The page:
I like this scene between Adele and Javert; of course he cannot accept her attempts either at sympathy or at reason ("She's not your child, Monsieur. In the end you have to remember that"). Javert is clearly devastated, but he is proud and in character: "make me back into a simple man" is an interesting way of putting it (I actually read this as "single man", i.e. one without any family attachments...) It's a neat little reminder of the realities of contemporary child mortality when Adele points out that she has already lost three of her own children and survived the blow :-(
There is a chilling echo of his canon fate when he finds himself adrift from a law that can allow such manifest absurdity, and bitter sarcasm in his remarks on Madeleine's idea of common-sense and justice, and on the supreme correctness of the judge's authority; all his previous firmly-held values are being questioned, and the precedents are not good :-(
| Igenlode Wordsmith chapter 6 . 8/11/2016
The remark about the vultures is supposed to come as humorous relief, I take it, but it does feel a bit out of place :-(
I like Javert's meditations on the best way of dealing with different kinds of offenders once arrested: "that was the terrible thing about falling, having done it once it became far easier to do it the next time"... too true, and yet very Javert.
"I owe a hundred francs and If I don't pay my little girl will be turned out into the street" - wait, does this mean that she is *still* paying the Thenardiers? That they are still stringing her along with stories about Cosette's illness and demands for money even though they don't even have the child any more? Of all the cheek!
(For plot purposes, I suppose they have to; otherwise Fantine has no motivation to fall into debt and hence prostitution...)
"at this moment Cosette was not behaving like the innocent angel of her father's (and indeed mother's) fond recollections" - yes, I suppose they *are* both (ironically) idealising her at that instant! It's hard to imagine Hugo's Cosette running round hitting people with a wooden spoon, but then she never had a gang of siblings to egg her on.
Sounds like a busy household with lodgers, children and all; no wonder Adele never raised an eyebrow at taking in the Inspector's little girl. And Cosette hopes to see someone getting arrested? Dramatic irony may be about to strike tonight, methinks :-(
"She had spat in the mayor's face - a thing that had not occurred in even his wildest fantasies (Well, maybe in his wildest fantasies)" - hah :-) It never occurred to me that Javert might actually find a certain vicarious satisfaction in that unspeakable assault when it was Madeleine, after all, who was the victim :-p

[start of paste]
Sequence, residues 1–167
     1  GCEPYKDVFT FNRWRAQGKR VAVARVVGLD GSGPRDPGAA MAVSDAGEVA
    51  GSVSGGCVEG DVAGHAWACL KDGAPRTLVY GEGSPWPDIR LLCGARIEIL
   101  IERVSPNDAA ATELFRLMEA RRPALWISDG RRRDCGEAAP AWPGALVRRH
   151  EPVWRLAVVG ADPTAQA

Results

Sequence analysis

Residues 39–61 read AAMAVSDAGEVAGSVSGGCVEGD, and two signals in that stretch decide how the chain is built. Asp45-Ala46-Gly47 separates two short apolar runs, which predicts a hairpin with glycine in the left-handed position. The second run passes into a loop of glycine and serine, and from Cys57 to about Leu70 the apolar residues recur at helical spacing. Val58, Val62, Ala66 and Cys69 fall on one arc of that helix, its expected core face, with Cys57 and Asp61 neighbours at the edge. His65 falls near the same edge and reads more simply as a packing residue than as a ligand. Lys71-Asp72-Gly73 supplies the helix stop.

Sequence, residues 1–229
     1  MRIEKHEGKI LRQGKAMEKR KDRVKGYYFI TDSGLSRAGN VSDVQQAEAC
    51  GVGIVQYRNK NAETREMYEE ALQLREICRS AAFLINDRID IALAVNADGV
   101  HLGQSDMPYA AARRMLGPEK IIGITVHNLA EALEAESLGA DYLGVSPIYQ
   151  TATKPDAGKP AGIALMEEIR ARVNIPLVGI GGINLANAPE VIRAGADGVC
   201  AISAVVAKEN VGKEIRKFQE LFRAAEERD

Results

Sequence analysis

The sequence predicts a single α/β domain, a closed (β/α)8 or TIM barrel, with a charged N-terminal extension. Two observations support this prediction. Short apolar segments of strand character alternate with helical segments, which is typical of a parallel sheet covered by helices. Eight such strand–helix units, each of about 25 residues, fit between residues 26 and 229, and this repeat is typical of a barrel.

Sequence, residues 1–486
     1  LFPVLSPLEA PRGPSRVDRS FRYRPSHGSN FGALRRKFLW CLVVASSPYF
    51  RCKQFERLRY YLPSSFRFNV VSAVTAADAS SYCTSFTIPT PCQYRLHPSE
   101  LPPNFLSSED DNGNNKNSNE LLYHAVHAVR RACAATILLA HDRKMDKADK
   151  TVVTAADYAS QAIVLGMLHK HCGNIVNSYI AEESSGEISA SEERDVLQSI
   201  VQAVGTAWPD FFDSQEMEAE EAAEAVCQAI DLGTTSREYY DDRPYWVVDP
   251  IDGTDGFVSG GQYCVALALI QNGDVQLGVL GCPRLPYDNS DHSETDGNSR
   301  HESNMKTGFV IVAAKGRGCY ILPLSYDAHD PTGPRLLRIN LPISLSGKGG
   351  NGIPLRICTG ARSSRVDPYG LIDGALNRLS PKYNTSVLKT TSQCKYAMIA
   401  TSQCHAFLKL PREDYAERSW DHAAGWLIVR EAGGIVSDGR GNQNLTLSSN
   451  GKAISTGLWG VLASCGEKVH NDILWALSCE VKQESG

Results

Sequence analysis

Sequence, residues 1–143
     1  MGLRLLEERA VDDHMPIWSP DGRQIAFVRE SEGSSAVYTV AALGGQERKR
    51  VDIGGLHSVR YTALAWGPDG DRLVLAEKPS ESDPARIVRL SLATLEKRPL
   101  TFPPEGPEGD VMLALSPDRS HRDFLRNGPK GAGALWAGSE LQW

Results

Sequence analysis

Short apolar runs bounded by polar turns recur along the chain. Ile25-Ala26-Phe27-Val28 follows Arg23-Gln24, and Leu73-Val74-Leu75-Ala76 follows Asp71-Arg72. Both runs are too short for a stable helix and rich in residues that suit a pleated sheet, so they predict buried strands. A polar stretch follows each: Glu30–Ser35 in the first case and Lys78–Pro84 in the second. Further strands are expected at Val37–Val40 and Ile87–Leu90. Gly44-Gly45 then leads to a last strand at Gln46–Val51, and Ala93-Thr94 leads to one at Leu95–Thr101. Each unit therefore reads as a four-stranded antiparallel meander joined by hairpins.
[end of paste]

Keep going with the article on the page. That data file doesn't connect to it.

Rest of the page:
I'm confused as to why the "terrible sense of illumination" afflicts Madeleine rather than Javert; Jacquemin presumably knows Cosette's history through his wife, but why would Madeleine or Pontellier jump to sudden conclusions at the sound of the words "Thenardier" and "Montfermeil"? I suppose the mere name of the motherless child is a bit of a giveaway...
"This is my province and I intend to keep the woman Fantine under arrest" - now I wonder what exactly Javert's motivations are here... and whether he himself is even certain :-(
| Igenlode Wordsmith chapter 5 . 8/11/2016
Yes, it's interesting to speculate on how being seen as Javert's daughter would affect Cosette's relationship with her peers at school. Of course it helps here that she has the Jacquemin children as foster-siblings; ironically it seems to be the teacher who objects to Javert the most.
(Frankly, I never did understand this argument that you're a 'sneak' if you don't cover up for injustice.)
I assume that if they're writing two hundred lines *on the blackboard* - and three of them! - they must be rubbing them out between whiles :-p
I like the touch about Cosette planning to add a 'Mademoiselle' to the front of the name that she has written in the snow; it feels very childish and credible somehow. And the way that she remembers, after three years have passed, that Javert had promised to find her mother (which I'd actually forgotten), but that it seems to have slipped his mind somehow...
And the way she takes losing your front teeth for granted :-(
I'm surprised poor Fantine doesn't get more suspicious at the coincidence of the name "Cosette" (which I believe is a unique nickname of her own coinage rather than a normal diminutive). The chances of there being two in this one district have to be vanishingly small - but why would she look for her own daughter in the child of Inspector Javert?
And naturally the Jacquemin family are horrified at finding her talking to innocent little Cosette :-(
"I've done the bet so I've got first call on the brandy bottle now" - ah, so *that's* why Fantine approached her! Ouch - well, it makes more sense of why she suddenly decided to talk to a little girl who had been in the town for years but whom she had never attempted to contact before...
I did find it a bit distracting seeing the name La Goulue here, when it's associated so specifically with a particular individual elsewhere - a bit like "Phantom of the Opera" fanfic writers who introduce a 'maid' character called Cosette on the assumption that it must be a common 19th-century working-class name :-(
And so this is the very night of Fantine's arrest; hence the snow at the start of the chapter...
| Igenlode Wordsmith chapter 4 . 8/11/2016
"if he had been instructed to carry out the same task by the state Javert could have resolved the matter in a blink of an eye - why did it now take him so long?" - good point; if Javert is a super-efficient functionary as portrayed, we have to assume that under normal circumstances he would have disposed of a stray child as neatly as any other municipal loose end. So the logic that Cosette falls under the heading of his *personal* responsibilities rather than his official duties works very neatly to explain why he never gets round to putting her into an orphanage :-)
"a man that desperate to be beloved certainly wanted to compensate for something" - a neatly perverse piece of psychology; I like it!
So you've provided Cosette with a capable foster-mother, which is just as well - I like the idea that Javert regarded her in the light of a superior officer where dealing with children was concerned :-)